Synopses & Reviews
In The Problem with Work, Kathi Weeks boldly challenges the presupposition that work, or waged labor, is inherently a social and political good. While progressive political movements, including the Marxist and feminist movements, have fought for equal pay, better work conditions, and the recognition of unpaid work as a valued form of labor, even they have tended to accept work as a naturalized or inevitable activity. Weeks argues that in taking work as a given, we have “depoliticized” it, or removed it from the realm of political critique. Employment is now largely privatized, and work-based activism in the United States has atrophied. We have accepted waged work as the primary mechanism for income distribution, as an ethical obligation, and as a means of defining ourselves and others as social and political subjects. Taking up Marxist and feminist critiques, Weeks proposes a postwork society that would allow people to be productive and creative rather than relentlessly bound to the employment relation. Work, she contends, is a legitimate, even crucial, subject for political theory.
Theoretical critique of work as the dominant discourse for understanding political, social, and economic justice.
The Problem with Work develops a Marxist feminist critique of the structures and ethics of work, as well as a perspective for imagining a life no longer subordinated to them.
Once, work was inextricably linked to survival and self-preservation: the farmer ploughed his land so that his family could eat. In contrast, today work has slowly morphed into a painful and meaningless ritual for many, colonizing almost every part of our day, endless and inescapable.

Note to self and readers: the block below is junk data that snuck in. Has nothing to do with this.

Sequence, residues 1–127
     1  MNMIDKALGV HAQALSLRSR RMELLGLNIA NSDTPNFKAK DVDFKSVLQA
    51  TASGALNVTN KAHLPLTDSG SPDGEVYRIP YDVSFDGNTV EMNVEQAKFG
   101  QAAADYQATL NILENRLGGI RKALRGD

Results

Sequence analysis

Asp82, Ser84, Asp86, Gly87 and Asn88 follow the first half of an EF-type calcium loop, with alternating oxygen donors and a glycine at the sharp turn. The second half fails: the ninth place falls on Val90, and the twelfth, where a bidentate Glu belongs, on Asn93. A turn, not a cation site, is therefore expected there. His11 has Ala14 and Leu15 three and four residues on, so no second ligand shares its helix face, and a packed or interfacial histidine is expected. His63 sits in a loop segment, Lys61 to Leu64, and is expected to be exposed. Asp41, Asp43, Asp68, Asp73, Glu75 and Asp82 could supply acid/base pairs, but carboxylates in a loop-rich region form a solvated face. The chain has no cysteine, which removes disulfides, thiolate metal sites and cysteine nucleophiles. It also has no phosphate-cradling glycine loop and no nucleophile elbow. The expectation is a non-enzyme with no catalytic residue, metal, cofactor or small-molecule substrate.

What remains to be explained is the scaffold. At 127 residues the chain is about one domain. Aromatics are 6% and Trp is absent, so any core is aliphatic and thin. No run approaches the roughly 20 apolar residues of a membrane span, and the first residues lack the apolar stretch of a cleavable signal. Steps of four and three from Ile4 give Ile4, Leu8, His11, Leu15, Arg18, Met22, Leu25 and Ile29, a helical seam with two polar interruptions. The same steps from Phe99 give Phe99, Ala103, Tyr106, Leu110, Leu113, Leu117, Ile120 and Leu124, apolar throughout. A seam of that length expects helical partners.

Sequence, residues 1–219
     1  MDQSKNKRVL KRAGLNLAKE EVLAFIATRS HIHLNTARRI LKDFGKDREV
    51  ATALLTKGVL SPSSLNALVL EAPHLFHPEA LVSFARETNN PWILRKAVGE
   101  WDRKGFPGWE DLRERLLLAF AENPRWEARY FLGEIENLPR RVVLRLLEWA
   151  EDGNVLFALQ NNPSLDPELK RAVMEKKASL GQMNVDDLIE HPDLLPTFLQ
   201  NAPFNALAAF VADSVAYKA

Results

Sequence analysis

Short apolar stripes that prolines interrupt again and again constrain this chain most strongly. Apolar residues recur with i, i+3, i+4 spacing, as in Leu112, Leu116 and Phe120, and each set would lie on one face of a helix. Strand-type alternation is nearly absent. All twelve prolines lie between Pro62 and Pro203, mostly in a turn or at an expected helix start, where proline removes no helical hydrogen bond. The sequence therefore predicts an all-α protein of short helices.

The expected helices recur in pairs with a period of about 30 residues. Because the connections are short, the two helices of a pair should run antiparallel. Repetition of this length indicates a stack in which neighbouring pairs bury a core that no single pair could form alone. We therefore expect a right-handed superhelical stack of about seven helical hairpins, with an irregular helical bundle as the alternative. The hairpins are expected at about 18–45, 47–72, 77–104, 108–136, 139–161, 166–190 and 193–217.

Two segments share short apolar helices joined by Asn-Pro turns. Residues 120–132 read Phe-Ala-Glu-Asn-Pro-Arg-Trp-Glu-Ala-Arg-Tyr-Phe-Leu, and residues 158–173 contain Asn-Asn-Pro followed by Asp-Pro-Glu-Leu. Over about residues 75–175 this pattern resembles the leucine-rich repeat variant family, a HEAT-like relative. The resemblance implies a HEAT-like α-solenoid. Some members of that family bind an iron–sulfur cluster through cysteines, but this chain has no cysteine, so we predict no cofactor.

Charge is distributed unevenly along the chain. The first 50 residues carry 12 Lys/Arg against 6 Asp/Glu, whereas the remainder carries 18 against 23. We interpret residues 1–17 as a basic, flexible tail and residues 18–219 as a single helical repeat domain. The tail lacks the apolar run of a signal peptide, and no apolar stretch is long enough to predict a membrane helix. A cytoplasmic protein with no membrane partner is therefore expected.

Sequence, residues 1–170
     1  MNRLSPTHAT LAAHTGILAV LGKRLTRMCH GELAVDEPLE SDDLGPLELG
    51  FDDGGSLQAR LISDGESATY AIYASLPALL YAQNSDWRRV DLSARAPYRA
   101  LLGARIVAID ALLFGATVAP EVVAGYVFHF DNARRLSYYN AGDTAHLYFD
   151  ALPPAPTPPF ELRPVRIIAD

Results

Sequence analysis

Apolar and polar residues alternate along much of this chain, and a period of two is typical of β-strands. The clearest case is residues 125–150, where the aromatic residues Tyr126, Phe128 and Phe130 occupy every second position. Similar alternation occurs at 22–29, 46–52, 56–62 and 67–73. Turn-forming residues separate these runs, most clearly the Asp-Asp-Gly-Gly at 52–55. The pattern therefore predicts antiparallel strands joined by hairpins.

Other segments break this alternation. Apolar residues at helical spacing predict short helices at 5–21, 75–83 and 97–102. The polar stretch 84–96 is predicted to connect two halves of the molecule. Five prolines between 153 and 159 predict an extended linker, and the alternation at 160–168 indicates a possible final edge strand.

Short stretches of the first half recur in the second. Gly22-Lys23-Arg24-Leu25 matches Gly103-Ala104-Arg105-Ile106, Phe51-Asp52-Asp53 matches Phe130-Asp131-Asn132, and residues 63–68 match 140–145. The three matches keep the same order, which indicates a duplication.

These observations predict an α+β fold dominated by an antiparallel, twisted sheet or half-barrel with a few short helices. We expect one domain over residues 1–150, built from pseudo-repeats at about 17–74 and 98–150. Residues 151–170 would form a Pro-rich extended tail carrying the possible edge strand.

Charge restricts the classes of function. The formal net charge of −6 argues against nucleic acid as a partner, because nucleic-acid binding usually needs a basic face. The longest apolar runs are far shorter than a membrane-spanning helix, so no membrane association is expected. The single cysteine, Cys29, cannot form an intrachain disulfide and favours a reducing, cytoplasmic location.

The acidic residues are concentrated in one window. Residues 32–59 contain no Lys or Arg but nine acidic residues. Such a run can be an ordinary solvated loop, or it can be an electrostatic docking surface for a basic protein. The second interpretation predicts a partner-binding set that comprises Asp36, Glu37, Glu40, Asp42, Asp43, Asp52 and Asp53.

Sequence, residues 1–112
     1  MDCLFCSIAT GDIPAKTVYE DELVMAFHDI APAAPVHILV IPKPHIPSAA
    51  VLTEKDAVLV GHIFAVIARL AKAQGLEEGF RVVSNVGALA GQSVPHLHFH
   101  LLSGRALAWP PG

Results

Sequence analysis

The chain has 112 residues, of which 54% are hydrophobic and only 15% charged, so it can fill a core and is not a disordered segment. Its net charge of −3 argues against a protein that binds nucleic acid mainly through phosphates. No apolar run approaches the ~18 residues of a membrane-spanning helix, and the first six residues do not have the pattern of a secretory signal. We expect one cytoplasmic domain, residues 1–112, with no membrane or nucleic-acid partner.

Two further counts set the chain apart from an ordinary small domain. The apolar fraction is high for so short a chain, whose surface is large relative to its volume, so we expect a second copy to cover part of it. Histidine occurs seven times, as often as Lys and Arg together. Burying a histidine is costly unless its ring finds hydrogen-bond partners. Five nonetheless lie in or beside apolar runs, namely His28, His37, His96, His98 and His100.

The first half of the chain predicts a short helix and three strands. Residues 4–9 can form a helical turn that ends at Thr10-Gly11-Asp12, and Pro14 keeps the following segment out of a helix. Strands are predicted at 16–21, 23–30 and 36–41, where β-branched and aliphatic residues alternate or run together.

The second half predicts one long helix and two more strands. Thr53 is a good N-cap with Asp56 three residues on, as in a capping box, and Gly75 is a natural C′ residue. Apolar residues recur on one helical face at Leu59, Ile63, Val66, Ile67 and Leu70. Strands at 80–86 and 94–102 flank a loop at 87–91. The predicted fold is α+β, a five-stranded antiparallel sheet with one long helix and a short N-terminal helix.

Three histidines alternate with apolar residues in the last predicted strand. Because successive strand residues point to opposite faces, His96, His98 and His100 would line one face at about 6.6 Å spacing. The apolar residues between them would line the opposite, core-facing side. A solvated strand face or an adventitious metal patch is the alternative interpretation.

In The Mythology of Work, Peter Fleming examines how neoliberal society uses the ritual of workand the threat of its denialto maintain the late capitalist class order. Work becomes a universal reference point, devoid of any moral or political worth, transforming our society into a factory that never sleeps. Blending critical theory with recent accounts of job-related suicides, office-induced paranoia, fear of relaxation, managerial sadism, and cynical corporate social responsibility campaigns, Fleming paints a bleak picture of a society in which economic and emotional disasters greatly outweigh any professed benefits.
About the Author
is professor of business and society at Cass Business School, City University London. He is the author of Dead Man Working
and Contesting the Corporation
Table of Contents
Introduction. The Problem with Work 1
1. Mapping the Work Ethic 37
2. Marxism, Productivism, and the Refusal of Work 79
3. Working Demands: From Wages for Housework to Basic Income 113
4. "Hours for What We Will": Work, Family, and the Demand for Shorter Hours 151
5. The Future Is Now: Utopian Demands and the Temporalities of Hope 175
Epilogue. A Life beyond Work 227